In August of 2016, a mother and her four children (all under the age of seven) were found dead in their home. After the situation was investigated, it was reported that the mother had poisoned her children and then taken her own life. A few days later the husband committed suicide. While the cause of death will never be known, some doctors and sociologists concluded that overwhelming poverty was the real root cause that led to the death of each member of the family.

In recent years, psychologists have been taking a closer look at the link between negative financial circumstances and compromised mental health situations. Studies suggest that the two are strongly correlated. Does poverty lead to mental illnesses? Does mental illness lead to poverty? Are they even connected? Although no firm data supports a definitive answer regarding causation, many doctors suggest that poverty leads to mental illness on the part of many patients. Research related to this topic is relatively new, only spanning about 25 years.

Although the research is fledgling, the data collected stands firm on there being a correlation between poverty and mental illness. In a 2010 review of over 115 studies, it was found that poverty stricken areas exhibited higher rates of mental illness. Higher rates of crime were also found in these areas. Inversely, similar studies have also concluded that financially stable areas have reported lower rates of depression and crime, and higher levels of happiness.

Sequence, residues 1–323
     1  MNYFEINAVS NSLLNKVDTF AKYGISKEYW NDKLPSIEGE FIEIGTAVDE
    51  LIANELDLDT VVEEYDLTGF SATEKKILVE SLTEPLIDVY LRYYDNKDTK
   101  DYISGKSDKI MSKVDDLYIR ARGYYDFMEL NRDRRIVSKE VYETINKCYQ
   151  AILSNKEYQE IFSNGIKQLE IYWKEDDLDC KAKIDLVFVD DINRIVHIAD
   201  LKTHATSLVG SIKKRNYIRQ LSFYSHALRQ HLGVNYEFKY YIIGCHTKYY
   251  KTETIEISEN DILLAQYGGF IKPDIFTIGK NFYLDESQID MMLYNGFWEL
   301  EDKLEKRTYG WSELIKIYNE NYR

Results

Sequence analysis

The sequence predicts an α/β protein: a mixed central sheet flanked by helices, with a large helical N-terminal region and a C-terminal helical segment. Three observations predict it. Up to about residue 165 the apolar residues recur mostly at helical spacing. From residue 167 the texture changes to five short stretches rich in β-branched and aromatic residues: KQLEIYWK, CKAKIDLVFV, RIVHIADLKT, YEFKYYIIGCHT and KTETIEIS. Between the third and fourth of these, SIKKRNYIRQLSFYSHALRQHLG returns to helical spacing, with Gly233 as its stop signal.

The inability to manage money and the extra cost of hospital bills are two of the leading factors that link mental illness to poverty. Lack of money increases stress. Individuals who experience certain types of stress are inclined to have the compounding negative effects of greater levels of mental illness. The link between financial stress and mental illness is logical and fits with most individuals’ sense of what makes common sense.

Cash grants or cash transfer programs are used in some countries. These programs are helping to reduce levels of poverty and relieve the stress of families and individuals. A report in Mexico showed that the stress levels of those individuals who received the cash grants were lower. Higher levels of cortisol, the stress hormone, were found in the children whose families did not receive the cash grants. At the same time, cash transfers have grown less popular in countries such as the U.S. On the other hand, some countries in Scandinavia are experimenting with guaranteed incomes.

My feeling is that the issues of mental health and poverty, and solutions to both, are incredibly complex. It will not help if societies assume that poverty always leads to mental illness. The data does not back up such a claim. At a time when government programs are not assumed to be the answer to each social problem in the U.S., it is incumbent upon those who question government effectiveness to respond to challenges regarding poverty and mental illness. I am known as a person who believes the private sector can accomplish many great deeds. But, I do not feel as confident that mental illness can be easily addressed by business alone.

David Wright is a student at Brigham Young University and a participant in the Oxford Social Enterprise Symposium.